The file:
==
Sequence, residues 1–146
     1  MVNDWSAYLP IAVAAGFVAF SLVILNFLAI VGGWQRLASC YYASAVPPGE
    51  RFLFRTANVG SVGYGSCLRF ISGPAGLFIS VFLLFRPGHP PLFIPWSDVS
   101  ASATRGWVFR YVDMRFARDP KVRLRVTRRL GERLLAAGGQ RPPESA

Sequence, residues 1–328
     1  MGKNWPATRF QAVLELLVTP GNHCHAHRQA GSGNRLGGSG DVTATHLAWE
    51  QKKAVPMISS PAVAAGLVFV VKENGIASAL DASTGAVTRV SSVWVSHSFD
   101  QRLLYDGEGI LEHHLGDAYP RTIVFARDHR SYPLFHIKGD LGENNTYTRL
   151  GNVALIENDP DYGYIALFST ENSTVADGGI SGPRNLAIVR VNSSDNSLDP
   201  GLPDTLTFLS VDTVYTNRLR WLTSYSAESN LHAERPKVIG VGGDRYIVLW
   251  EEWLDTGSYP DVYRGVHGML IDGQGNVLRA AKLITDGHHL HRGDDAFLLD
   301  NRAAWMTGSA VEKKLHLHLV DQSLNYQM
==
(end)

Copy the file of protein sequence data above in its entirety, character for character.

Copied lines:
Sequence, residues 1–146
     1  MVNDWSAYLP IAVAAGFVAF SLVILNFLAI VGGWQRLASC YYASAVPPGE
    51  RFLFRTANVG SVGYGSCLRF ISGPAGLFIS VFLLFRPGHP PLFIPWSDVS
   101  ASATRGWVFR YVDMRFARDP KVRLRVTRRL GERLLAAGGQ RPPESA

Sequence, residues 1–328
     1  MGKNWPATRF QAVLELLVTP GNHCHAHRQA GSGNRLGGSG DVTATHLAWE
    51  QKKAVPMISS PAVAAGLVFV VKENGIASAL DASTGAVTRV SSVWVSHSFD
   101  QRLLYDGEGI LEHHLGDAYP RTIVFARDHR SYPLFHIKGD LGENNTYTRL
   151  GNVALIENDP DYGYIALFST ENSTVADGGI SGPRNLAIVR VNSSDNSLDP
   201  GLPDTLTFLS VDTVYTNRLR WLTSYSAESN LHAERPKVIG VGGDRYIVLW
   251  EEWLDTGSYP DVYRGVHGML IDGQGNVLRA AKLITDGHHL HRGDDAFLLD
   301  NRAAWMTGSA VEKKLHLHLV DQSLNYQM